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Extreme storms shift attitudes on climate change

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Superstorm Sandy poised to rake the East Coast.

‘Our hope is that researchers will design persuasion strategies that effectively change people’s implicit attitudes without them having to suffer through a disaster’

By Summit Voice

FRISCO — It may sound like a no-brainer, but after experiencing extreme weather first-hand, people tend to think more seriously about climate change, according to researchers at Rutgers University.

Research published in the journal Psychological Science concluded that, after Superstorm Sandy and Hurricane Irene, New Jersey residents were more likely to show support for a politician running on a “green” platform, and expressed a greater belief that climate change is caused by human activity. Continue reading

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Hurricane Sandy’s force gaged by seismometers

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Hurricane Sandy hitting the Northeast Coast. Photo courtesy NOAA.

Powerful storm shook the Earth’s crust in a wave of vibrations felt by sensitive land-based instruments

By Summit Voice

FRISCO — Scientists using an array of portable land-based seismometers to study how the atmosphere, oceans and solid Earth interact say they were able to detect small seismic waves — microseisms — generated by superstorm Sandy late last year.

When Sandy turned and took aim at New York City and Long Island last October, ocean waves hitting each other and crashing ashore rattled the seafloor and much of the United States, according to University of Utah researchers, who presented their findings last week during the Seismological Society of America’s annual meeting.

The seismometers that detected the storm’s vibrations are part the Earthscope research project that started in California in 2004 and has been leap-frogging eastward to help gain a greater understanding of the Earth’s crust and mantle, similar to how X-rays are used to make CT scans of the human body. To do it accurately, scientists must understand all sources of seismic waves. Continue reading

Survey: Americans support climate change adaptation

Superstorm Sandy may have been a turning point in public perception

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February temperatures were above normal almost everywhere across the mid-latitudes, but colder than average in the polar regions, compared to the 1951-1980 average. Via NASA.

By Summit Voice

SUMMIT COUNTY — While some Americans may still not be convinced that greenhouse gas emissions are heating up the planet, there does appear to be an emerging consensus that the country should prepare for the potential impacts of a changing climate.

Superstorm Sandy may have been a turning point, as images of flooding in downtown Manhattan and shoreline devastation in New Jersey dominated the airwaves for a few days. Americans may have seen Sandy as a sign of things to come, according to a new survey by the Stanford Woods Institute for the Environment and the Center for Ocean Solutions. Continue reading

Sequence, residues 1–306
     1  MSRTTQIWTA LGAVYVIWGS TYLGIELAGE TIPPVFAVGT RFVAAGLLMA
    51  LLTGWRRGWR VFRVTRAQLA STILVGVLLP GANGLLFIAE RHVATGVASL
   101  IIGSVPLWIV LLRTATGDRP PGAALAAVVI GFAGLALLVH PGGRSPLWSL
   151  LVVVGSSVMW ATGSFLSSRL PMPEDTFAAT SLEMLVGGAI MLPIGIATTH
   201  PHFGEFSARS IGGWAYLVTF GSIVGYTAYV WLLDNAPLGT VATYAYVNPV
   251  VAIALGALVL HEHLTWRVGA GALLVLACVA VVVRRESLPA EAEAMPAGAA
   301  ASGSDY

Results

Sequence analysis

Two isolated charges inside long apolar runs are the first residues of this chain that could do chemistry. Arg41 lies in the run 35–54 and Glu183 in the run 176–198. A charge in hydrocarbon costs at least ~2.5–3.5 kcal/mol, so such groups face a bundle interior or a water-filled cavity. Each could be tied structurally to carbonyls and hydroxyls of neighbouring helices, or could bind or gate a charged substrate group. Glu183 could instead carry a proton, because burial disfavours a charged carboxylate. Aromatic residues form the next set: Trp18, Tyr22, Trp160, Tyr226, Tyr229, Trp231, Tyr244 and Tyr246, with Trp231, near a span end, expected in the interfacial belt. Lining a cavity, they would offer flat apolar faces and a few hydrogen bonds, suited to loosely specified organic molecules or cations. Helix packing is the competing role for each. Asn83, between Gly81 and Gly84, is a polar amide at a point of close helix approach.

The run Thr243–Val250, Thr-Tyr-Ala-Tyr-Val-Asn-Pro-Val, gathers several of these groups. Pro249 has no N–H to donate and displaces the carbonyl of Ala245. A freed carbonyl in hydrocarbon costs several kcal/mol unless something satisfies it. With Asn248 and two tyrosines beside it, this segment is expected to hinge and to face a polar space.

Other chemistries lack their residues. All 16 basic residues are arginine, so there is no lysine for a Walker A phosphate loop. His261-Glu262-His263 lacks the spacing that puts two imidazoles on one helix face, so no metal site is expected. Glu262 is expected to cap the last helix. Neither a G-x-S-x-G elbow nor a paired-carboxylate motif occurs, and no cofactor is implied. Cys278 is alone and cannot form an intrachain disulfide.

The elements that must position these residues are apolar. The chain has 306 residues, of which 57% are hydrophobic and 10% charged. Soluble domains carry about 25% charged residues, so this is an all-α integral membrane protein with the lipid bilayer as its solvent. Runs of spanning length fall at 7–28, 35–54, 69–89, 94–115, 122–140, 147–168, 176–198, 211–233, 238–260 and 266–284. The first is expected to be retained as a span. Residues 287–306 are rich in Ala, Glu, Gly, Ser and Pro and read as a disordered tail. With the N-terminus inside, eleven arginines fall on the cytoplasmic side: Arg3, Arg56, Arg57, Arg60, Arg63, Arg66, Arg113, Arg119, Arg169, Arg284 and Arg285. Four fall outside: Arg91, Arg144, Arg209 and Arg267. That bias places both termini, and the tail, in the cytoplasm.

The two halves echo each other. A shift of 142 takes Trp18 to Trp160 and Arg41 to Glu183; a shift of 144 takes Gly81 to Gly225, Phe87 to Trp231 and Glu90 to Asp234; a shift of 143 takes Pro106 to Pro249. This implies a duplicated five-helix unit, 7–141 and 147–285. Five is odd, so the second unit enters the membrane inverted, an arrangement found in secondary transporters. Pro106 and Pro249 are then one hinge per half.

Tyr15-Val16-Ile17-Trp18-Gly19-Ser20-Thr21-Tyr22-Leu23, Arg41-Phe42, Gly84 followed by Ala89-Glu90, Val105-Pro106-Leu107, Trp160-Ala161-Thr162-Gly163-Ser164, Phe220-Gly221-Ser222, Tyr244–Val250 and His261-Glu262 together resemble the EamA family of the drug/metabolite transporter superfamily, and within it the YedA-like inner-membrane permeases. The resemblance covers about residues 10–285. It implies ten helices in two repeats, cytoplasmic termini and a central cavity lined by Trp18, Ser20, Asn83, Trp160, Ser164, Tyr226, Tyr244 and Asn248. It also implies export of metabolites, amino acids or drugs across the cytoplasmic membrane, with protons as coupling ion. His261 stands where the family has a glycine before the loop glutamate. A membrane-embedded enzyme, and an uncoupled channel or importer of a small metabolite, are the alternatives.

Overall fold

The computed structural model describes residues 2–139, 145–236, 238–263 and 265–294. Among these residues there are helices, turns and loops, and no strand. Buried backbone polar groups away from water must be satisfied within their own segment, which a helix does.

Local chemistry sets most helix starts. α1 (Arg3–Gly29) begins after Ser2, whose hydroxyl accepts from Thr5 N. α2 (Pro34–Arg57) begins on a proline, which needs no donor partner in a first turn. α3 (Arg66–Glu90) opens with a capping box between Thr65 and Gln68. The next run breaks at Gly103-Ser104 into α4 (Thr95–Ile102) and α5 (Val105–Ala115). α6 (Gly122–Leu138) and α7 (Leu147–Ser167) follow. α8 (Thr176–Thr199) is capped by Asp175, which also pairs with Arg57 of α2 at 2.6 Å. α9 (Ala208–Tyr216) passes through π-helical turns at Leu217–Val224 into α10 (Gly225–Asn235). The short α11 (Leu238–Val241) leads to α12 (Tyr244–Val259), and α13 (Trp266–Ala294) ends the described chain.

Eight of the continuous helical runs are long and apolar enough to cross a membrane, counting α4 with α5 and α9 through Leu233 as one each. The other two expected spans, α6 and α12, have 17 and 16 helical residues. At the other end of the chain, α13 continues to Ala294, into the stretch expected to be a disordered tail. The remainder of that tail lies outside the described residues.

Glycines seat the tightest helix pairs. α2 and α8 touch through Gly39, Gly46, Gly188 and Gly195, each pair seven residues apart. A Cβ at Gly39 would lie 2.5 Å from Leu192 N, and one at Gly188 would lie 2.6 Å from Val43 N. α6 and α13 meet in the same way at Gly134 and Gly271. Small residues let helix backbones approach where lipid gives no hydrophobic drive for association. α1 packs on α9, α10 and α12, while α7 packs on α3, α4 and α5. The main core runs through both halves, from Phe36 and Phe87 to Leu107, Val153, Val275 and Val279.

Science team studies Sandy’s impacts to barrier islands

Superstorm Sandy

Hurricane Sandy bearing down on the coast. Satellite image courtesy NOAA.

Calculating impacts to sediment transport critical to restoration efforts

By Summit Voice

FRISCO — Along with the devastation and human suffering it caused, Hurricane Sandy may have raised awareness about the importance of natural coastal defenses to a whole new level. With climate models predicting significant sea level rise and increased precipitation, those natural barriers may become the first — and most important — line of protection against growing storm surges and coastal inundation.

In the wake of Sandy, a rapid response science team from the University of Texas at Austin’s Institute for Geophysics will help map the impact of Hurricane Sandy on the beach and barrier systems off the south shore of Long Island.

The team will collaborate this month with researchers from Stony Brook University, Adelphi University, the City University of New York and other institutions from the New York metro area to assess the health of the offshore barrier system that protects the New York Harbor and southwestern Long Island region against damage from future storms. Continue reading

Climate: Discussions raging on possible links between global warming and superstorm Sandy

Hurricane Sandy bearing down on the East Coast. Satellite image courtesy NOAA.

Record-breaking storm spurs more public awareness about the potential for more frequent extreme weather events

By Bob Berwyn

SUMMIT COUNTY — With several all-time weather records shattered and early estimates that Hurricane Sandy may cost the U.S. economy some $20 to $25 billion, it’s clear that the storm lived up to its billing. Along with the cleanup, there’s also a raging debate about whether global warming was a factor in the storm’s development and path.

On the one side, environmental activists seeking to limit heat-trapping greenhouse gases have jumped on the so-called super storm as an opportunity to tout their cause. On the other side, global warming deniers and others have pulled out timeworn statistics about past hurricanes that supposedly were equally as strong.

The arguments at the extreme sides of the spectrum don’t ring true. Of course, there is no way to scientifically prove that increases in air and ocean temps directly contributed to this storm. There’s still so much natural variability in nature that you just can’t establish a causal link. Continue reading

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